Friday, June 27, 2003

Just arrived in Berlin today, after a night in London.

Saturday, June 21, 2003

Travelling, so I won't be able to log regularly (well... not like I have been doing so to begin with but...). Am in New York City right now, and wishing to the depths of my soul that I came here for university and not @#! Chicago. And while we're at it -- I wished I'd finished my NS too before starting uni.

Ah well.

Also, I am now much much more reluctant than I was before to travel together with my parents.

If you would like to know, I should be done with roaming after July 15th. Ciao.

Sunday, June 15, 2003

Convocation was this morning. I am no longer a college student.

Just a bit more packing and I can leave tomorrow. I'm still having difficulty coming to grips with the idea that I am leaving the university and all the people that I have come to know during my time here, and am not coming back for years. A decade or two, maybe never.

I'm scared of these kind of changes, because I'm terrified that I have to face them alone.

Saturday, June 14, 2003

How do you say goodbye?

You can, I suppose, tell someone whom you've greeted, chatted with, debated with, shared opinions with, laughed with, seen around all the time that you won't be there when they come back after the summer's over. But what is this sense of loss settling into a quiet niche within me?

I'm sad that I have to go. It's impossible to stay of course, but I feel sad all the same. Because for those whom I've had the fine fortune to know here, I don't know when we'll meet again.

Haven't updated my blog for so long because of various graduation-related tasks that I've had to get done. All the things that have to be packed up and shipped out are mostly on their way -- but it was maddening in every sense of the word. For some reason I always end up reinventing the wheel and this time it was no different. Had no idea where to begin and no idea who to ask and so seized on FedEx initially. But shipping with them costs a @#! bomb. Then I discovered that the U.S. Postal Service has a book rate for shipping overseas, and thanks to the help of my fantastic parents I managed to ship the books that I didn't give/throw away before the post office on campus closed. Thanks also to God for not letting me flip out, for having the support of my parents, and for letting me be the last guy to get in to the post office before it closed. :)

I gave away a lot of my books. As I was throwing volume after volume out of the boxes it struck me how futile having my own personal book collection was. I rarely reread my books after all -- perhaps I should utilise libraries better and think very carefully about my furture books purchases. How hard that was over here and that was just with a smattering of book fairs throughout the year and visits to Powell's on 57th. A greedy urge to buy buy buy while the self-restraint that usually reins the consumerist impulse is suppressed by some strange moral belief that reading is good for you. Maybe it's better that I wasn't in London or New York...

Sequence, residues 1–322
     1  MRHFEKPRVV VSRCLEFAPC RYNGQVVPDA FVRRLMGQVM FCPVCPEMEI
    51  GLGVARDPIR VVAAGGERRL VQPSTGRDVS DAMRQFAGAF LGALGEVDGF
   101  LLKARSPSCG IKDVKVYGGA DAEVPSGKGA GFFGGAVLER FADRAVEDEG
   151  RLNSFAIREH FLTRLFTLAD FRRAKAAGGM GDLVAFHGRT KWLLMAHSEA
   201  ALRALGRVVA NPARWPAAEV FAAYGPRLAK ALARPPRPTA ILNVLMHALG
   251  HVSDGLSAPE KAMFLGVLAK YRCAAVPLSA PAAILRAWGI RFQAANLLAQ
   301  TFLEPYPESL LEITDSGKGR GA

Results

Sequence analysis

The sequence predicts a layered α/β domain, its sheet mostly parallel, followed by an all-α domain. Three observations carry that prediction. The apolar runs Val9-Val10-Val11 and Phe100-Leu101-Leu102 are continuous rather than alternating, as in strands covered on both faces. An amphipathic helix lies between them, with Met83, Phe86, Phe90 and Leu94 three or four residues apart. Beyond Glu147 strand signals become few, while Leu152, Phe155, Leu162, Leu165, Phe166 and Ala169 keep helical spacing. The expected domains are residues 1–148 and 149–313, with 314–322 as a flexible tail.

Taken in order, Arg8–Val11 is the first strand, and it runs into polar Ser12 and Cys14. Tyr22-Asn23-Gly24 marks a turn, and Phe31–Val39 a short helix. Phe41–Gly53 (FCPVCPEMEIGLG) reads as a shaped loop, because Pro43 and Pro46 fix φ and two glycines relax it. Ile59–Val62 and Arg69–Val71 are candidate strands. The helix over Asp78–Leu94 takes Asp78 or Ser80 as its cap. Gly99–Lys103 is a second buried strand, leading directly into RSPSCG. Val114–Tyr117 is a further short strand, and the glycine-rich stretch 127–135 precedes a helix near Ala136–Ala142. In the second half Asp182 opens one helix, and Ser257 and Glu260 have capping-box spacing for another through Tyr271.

Monday, June 09, 2003

Well well, what d'ya know. I did find a copy of The Trial of Henry Kissinger at the book fair. True -- it's not fair to single him out for all the abominable things the U.S. did during the Nixon and Ford Administrations, but it's a start to uncovering the reasons why hatred of the U.S. runs so high in many parts of the world. Wish more Americans -- particularly in the current Administration -- would pay attention.

On a side note, it seems that the author Hitchens has become a yes-man for the Dubya Admin. I know next to nothing about the guy of course, but I hope he hasn't made such a hypocritical choice.

I think I'll start on the book after I finish Murakami Haruki's latest collection of short stories After the Quake. Picked up the new softcover edition while shopping on Fri evening, before the movie. Excellent stuff ^_^

Saturday, June 07, 2003

At last -- done with classes. My last final for while ended at 12 noon Fri. Time to turn my attentions to preparing for my exit from Chicago.

Feels strange to have absolutely nothing to study for, for once.

Watched The Trials of Henry Kissinger this evening at Doc. Fascinating documentary. I'm compelled now to read Christopher Hitchen's book of a similar name, which inspired the BBC film. Perhaps I'll find it at the 19th Annual Printer's Row Book Fair this weekend.

What to make of the most famous American diplomat ever? I'm inclined to agree that he was as duplicitous and amoral as the film presented him as. The evidence is compelling, but more importantly I agree because in my opinion those qualities were what made him such an effective statesman for the times he lived in. His America was one that saw no end to the Cold War, was paranoid about the Communists taking over the world and so did everything possible to avoid appearing weak in front of other countries.

Hey, maybe things haven't changed that much since HK fell out of the public limelight. Now that's a disturbing thought.

Tuesday, June 03, 2003

City Trees

I have seen city trees
fight for air --
elbow each other
with their crooked arms
for a gulp of sky.

Even their spring
is hard won --
the pyrrhic victory
of scant leaf
from blackened branch.

I admire their slant on things --
the way they spire above
the small irony of fences
and tulips at their feet --
the way they stare down
the envy of windows --
the traffic of windblown faces.

They remind me
of what is not concrete,
what is in spite of what is.

-- Linda Opyr

Monday, June 02, 2003

Ugh -- I am sick and tired of thinking and writing.

No energy, no understanding, no love, no community, no confidence -- no happiness.